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From the Hibernate reference manual: "Use a single database transaction to serve the clients request, starting and committing it when you open and close the Session"

Does Spring support this pattern? I've been using Spring transaction support with the @Transactional annotation and the "Open session in view" pattern (org.springframework.orm.hibernate3.support.OpenSessionInViewFilter) but transactions have to be confined to service methods, so I get multiple transactions per view, not just one.

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I'm trying to learn this approach myself. How did you ultimately implement this? –  Marvo May 18 '12 at 0:19

3 Answers 3

You probably do not want a Transaction in View type of functionality. Typically what happens on a request is

  1. request comes in
  2. invokes some operation that saves stuff to database
  3. response goes out. i.e. render the success page or return json or whatever

The reason you dont want 'transaction in view' is because if there is an error at step 3, your transaction will be rolled back, even though the the actual business logic was successful, only rendering the response failed.

Now, I have made the assumption that you want the data to be committed even if there is an error after you commit it. If that assumption is false, then ok, thats up to you.

Since service methods are wrapped in transactions, perhaps an easier solution to your problem is to refactor your code such that one service is called per incoming request. Typically this is called the 'facade pattern'. Lets say you have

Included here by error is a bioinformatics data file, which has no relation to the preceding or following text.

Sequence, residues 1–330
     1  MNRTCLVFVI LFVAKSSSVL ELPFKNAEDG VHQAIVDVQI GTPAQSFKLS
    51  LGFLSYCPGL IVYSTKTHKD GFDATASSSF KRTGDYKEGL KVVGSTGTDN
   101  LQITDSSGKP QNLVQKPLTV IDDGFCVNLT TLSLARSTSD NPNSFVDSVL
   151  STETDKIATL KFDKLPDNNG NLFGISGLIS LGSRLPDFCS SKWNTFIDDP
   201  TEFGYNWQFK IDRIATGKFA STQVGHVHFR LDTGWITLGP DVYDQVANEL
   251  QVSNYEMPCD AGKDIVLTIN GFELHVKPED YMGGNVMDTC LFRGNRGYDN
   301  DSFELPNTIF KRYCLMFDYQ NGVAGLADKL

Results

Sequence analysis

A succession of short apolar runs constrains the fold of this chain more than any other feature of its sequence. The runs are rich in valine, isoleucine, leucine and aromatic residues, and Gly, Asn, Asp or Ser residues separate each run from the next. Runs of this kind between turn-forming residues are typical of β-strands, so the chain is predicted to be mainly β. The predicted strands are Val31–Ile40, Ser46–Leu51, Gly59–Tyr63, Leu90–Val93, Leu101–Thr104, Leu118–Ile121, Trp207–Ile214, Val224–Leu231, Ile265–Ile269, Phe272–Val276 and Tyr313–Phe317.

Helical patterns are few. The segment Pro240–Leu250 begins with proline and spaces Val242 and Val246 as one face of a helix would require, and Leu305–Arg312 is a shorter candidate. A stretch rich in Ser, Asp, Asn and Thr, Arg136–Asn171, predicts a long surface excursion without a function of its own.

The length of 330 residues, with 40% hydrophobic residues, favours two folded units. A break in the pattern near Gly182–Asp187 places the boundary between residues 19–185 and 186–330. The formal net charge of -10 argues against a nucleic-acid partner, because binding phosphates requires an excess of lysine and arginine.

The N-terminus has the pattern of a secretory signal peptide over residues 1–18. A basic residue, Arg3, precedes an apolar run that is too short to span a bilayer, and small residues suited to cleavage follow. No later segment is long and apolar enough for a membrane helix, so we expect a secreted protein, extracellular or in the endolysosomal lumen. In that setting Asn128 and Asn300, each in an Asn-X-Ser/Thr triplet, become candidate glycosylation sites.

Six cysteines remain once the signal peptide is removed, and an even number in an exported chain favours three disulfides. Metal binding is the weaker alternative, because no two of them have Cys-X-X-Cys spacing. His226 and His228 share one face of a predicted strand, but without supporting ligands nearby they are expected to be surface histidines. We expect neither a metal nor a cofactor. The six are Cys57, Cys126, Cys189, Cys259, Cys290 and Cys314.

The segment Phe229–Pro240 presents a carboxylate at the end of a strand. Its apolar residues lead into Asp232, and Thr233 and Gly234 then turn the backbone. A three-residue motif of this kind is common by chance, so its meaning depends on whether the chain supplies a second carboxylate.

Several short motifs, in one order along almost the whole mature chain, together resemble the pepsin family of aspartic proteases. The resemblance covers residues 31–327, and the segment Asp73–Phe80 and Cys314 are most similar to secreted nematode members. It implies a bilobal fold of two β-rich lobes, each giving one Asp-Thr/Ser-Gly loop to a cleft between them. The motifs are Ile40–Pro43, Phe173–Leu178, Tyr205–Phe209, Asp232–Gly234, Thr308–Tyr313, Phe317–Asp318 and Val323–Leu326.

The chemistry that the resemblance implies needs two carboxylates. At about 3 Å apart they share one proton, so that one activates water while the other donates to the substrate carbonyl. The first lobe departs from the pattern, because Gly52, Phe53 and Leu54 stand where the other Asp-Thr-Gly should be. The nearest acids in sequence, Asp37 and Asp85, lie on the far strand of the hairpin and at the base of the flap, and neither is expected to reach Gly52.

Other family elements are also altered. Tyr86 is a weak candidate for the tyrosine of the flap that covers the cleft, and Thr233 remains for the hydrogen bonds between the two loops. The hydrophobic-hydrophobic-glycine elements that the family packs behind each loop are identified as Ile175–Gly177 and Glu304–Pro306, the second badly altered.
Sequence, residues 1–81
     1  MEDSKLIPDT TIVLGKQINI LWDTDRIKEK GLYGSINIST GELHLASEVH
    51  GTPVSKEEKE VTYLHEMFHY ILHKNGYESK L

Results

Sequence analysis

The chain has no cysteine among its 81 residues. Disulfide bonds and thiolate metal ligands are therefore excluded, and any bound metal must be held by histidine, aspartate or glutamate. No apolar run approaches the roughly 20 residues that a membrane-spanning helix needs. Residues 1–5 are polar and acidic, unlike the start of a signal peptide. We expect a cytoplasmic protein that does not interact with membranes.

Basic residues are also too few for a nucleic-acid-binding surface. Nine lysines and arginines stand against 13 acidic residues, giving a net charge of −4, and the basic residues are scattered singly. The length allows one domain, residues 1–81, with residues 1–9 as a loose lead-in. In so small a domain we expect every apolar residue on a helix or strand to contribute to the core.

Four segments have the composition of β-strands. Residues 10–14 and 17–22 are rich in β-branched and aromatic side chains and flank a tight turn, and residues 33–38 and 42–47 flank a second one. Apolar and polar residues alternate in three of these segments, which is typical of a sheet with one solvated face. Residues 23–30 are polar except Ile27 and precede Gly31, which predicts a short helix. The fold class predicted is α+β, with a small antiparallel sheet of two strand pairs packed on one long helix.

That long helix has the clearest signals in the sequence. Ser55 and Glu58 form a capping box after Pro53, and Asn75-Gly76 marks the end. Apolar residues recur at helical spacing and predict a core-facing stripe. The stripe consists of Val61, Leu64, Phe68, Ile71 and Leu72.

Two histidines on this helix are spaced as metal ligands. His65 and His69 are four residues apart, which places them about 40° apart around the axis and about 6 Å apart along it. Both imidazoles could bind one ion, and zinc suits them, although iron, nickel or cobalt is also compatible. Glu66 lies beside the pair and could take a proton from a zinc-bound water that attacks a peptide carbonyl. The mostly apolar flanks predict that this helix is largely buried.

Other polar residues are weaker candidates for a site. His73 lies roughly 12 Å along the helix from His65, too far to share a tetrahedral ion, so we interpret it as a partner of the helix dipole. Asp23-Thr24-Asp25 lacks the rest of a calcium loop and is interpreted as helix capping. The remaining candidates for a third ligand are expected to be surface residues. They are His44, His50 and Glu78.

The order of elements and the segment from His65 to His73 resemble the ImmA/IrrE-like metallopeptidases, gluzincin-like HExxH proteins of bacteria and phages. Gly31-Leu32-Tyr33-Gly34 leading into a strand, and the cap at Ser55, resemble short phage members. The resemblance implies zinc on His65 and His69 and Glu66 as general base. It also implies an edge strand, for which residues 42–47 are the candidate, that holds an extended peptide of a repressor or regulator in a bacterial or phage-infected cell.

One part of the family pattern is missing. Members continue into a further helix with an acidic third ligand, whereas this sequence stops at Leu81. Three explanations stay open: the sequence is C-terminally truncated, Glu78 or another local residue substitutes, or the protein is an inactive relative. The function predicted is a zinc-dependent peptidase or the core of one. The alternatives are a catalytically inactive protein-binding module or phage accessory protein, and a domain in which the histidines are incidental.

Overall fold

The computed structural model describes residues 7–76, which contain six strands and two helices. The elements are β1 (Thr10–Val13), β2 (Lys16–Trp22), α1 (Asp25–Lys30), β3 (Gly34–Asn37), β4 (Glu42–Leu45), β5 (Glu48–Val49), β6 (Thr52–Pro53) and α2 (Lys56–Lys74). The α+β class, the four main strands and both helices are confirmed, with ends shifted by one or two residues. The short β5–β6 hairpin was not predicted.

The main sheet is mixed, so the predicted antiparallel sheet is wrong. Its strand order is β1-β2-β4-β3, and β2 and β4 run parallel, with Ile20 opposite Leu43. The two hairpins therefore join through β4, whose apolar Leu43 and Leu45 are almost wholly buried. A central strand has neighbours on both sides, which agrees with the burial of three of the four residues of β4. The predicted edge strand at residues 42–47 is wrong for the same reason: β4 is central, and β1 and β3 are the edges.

and you call both those methods for one request. You could simple create another service


that invokes op1 and op2 on the relevant services.

Another possibility would be to configure Spring to put transactions around your Struts Actions with declarative transaction management. Note with transactions, from the time the tx is open, to the time it closes, all db operations will use that same transaction, so even if you call multiple services, they all use the same tx.=. See the documentation here: http://static.springsource.org/spring/docs/3.0.x/spring-framework-reference/html/transaction.html

specifically 10.5.2

But I think using one service call per unit of business functionality is the best approach.

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When you use a "Open session in view" pattern (org.springframework.orm.hibernate3.support.OpenSessionInViewFilter) to enable for example lazy loading in your http rendering (for example JSP), and mix it with transaction controlling by @Transactional at your service method, then this seems to me a best practice approach.

The reason why I think so is:

  • If you need lazy loading in your JSP, than "Open session in view" is a practical must.
  • Transaction controlling belongs to your business logic, so it cannot (really) be done by a filter.

So at least you need both.

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Declare a class which implements Hibernate's OpenSessionInViewFilter/Interceptor..... An example is given below...

import org.hibernate.FlushMode;
import org.hibernate.Session;
import org.hibernate.SessionFactory;
import org.springframework.dao.DataAccessResourceFailureException;
import org.springframework.orm.hibernate3.support.OpenSessionInViewFilter;

public class CustomHibernateSessionViewFilter extends   OpenSessionInViewFilter {

protected Session getSession(SessionFactory sessionFactory) throws DataAccessResourceFailureException {
    Session session = super.getSession(sessionFactory);
    return session;

protected void closeSession(Session session, SessionFactory factory) {
    super.closeSession(session, factory);


In web.xml (or Application Context) :-

    <filter-name>OSIVF Filter</filter-name>
    <filter-name>OSIVF Filter</filter-name>

Hope this would solve your problem. Please let me know whether it worked or not.

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Please stop pasting the same answer on many questions verbatim. –  Tim Post Aug 12 '11 at 6:28

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